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Relaxin receptors and nitric oxide synthases: search for the missing link
Reproductive Biology and Endocrinologyvolume 1, Article number: 5 (2003)
Researchers involved in the study of relaxin have welcomed the article by Hsu et al. , who eventually identified the receptors for this hormone. In the past, using labeled relaxin, specific binding sites have been found in several target organs and tissues for this hormone [2–4], but the exact molecular and functional nature of the relaxin receptor remained elusive. Relaxin is structurally similar to insulin and insulin-like growth factors (IGFs) , hence it seemed logical to assume that its putative receptor should belong to the insulin family of receptors, which are membrane-associated tyrosine kinases. Nonetheless, studies in this direction have been unfruitful and even misleading, as experienced by Dr Ivell and his team. In a recent study they were at a very short step from a crucial discovery, because they found that the relaxin-induced cAMP accumulation in target cells in in vitro culture was prevented by a pharmacologic inhibitor of G protein activation . However, their attention being focused on tyrosine phosphorylation, they did not go deep into this finding. Using a completely different approach, Hsu and coworkers noticed that knock-out mice for the relaxin-like factor/Insl3 (also known as Leydig cell relaxin) had an abnormal testis descent phenotype [7, 8] which was similar to that of mice with a disruption of a G protein-coupled receptor (GPCR) gene . On these grounds, they screened the human and mouse genome for orphan GPCRs and they could smartly demonstrate that relaxin is a cognate ligand for two leucine-rich repeat-containing GPCRs, LGR7 and LGR8, acting through Gs proteins. Activation of adenylate cyclase by Gs proteins can explain why relaxin induces an elevation of cAMP in target cells and tissues . In particular, in the same article cited above , Hsu and coworkers demonstrated that LGR7 and LGR8 are capable of mediating the action of relaxin through a cAMP-dependent pathway distinct from that of insulin and IGF family ligands.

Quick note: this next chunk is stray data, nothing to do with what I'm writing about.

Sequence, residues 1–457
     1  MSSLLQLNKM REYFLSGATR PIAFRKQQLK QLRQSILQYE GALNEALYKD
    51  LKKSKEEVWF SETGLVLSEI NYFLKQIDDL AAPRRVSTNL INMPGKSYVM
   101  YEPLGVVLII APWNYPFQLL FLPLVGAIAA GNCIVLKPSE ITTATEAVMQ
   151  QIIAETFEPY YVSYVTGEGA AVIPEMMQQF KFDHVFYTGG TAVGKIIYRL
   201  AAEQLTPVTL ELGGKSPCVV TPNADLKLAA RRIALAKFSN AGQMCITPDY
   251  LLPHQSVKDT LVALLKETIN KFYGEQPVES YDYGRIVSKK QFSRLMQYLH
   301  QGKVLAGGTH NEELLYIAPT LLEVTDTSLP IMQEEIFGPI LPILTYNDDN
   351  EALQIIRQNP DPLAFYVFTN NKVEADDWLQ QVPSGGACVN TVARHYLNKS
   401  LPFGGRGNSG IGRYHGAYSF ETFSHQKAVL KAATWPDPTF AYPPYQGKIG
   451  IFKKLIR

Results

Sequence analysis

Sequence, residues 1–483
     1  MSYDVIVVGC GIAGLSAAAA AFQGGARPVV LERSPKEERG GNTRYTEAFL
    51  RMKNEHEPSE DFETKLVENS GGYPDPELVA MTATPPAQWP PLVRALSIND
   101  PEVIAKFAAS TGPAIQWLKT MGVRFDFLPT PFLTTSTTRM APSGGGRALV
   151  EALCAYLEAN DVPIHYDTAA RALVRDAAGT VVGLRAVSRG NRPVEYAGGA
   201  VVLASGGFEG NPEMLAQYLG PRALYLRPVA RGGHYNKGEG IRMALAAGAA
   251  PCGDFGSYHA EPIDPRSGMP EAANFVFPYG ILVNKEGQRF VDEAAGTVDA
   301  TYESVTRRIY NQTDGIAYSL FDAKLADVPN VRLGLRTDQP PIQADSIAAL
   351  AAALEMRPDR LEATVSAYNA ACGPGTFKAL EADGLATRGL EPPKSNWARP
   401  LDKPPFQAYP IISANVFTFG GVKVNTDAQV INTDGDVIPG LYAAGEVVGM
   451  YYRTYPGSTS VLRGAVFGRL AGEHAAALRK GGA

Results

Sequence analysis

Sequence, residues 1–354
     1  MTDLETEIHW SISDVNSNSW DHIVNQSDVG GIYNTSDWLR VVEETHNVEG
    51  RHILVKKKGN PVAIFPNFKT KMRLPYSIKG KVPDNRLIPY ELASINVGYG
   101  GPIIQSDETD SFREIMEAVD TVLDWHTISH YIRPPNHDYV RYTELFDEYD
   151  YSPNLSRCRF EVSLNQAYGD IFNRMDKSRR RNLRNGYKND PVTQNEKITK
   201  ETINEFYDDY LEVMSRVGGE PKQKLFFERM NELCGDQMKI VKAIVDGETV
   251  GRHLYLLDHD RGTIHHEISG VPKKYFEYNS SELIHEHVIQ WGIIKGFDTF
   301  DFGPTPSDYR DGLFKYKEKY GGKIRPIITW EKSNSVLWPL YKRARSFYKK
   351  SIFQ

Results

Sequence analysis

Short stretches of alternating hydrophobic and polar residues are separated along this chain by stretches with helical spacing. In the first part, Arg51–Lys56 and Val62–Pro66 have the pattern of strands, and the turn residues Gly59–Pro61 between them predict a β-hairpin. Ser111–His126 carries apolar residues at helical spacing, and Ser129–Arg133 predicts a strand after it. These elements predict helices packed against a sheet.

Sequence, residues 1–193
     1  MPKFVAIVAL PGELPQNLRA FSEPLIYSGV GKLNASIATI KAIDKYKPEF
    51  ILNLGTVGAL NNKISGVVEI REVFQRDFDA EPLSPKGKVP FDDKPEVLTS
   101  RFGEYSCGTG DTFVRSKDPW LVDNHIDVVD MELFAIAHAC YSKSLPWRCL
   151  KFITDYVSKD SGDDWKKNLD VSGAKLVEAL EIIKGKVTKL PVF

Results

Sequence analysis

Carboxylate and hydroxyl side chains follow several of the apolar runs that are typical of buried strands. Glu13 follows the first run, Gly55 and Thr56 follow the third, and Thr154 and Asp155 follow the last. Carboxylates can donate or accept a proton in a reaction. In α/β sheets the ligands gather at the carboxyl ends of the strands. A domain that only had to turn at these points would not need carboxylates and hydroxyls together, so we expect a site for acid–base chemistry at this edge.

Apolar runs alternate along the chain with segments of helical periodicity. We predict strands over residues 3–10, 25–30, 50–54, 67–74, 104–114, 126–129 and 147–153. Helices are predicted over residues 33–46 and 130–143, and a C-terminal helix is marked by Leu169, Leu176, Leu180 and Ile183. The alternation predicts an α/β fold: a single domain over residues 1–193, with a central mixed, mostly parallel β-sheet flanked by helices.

In recent years, our own studies and those of other investigators have provided increasing evidence that relaxin can also act on several of its targets by increasing the expression and/or activity of nitric oxide synthase (NOS) isoenzymes, thereby promoting the generation of nitric oxide (NO) [10–16]. Time is ripe for investigating how the newly discovered relaxin GPCRs may account for this. Based on the current literature, there are multiple pathways by which GPCRs can stimulate NO biosynthesis. In endothelial cells, the best-described agonists for the constitutive NOS III isoform, acetylcholine and bradykinin, activate specific membrane-associated GPCRs [17, 18]. Similar effects are exerted by surface estrogen receptors . It has been reported that NOS III can be also activated by direct stimulation of GPCRs with sphingosine 1-phosphate . The classical signaling pathway appears to involve G protein βγ subunits that, by means of phosphoinositide 3-kinase (PI3-K), switch on protein kinase B (Akt), which in turn activates eNOS by phosphorylation at Ser-1179 . Another mechanism, which may either coexist in the same cell or be alternatively operating in different cell types, could involve cAMP and the inducible NOS II isoform. In rat vascular smooth muscle cells, GPCR-activated adenylate cyclase and the consequent rise in cAMP upregulates protein kinase A (PKA) activity . In turn, PKA is able to phosphorilate and inactivate IkB-α, the inhibitor subunit of the transcription factor NF-κB, thus allowing NF-κB to translocate into the nucleus and to promote the expression of NOS II . This latter mechanism may be operating in some relaxin targets, in which induction of NOS II expression and/or high-output, sustained NO generation have been observed [11, 12, 15, 16], NOS II being far more active than NOS III . As summarized in Figure 1, at present there are some clues but no definitive data about the molecular mechanisms by which relaxin, by binding to its GPCRs, may induce the activation of the NO pathway in its targets. Hopefully, future research would clarify this point.
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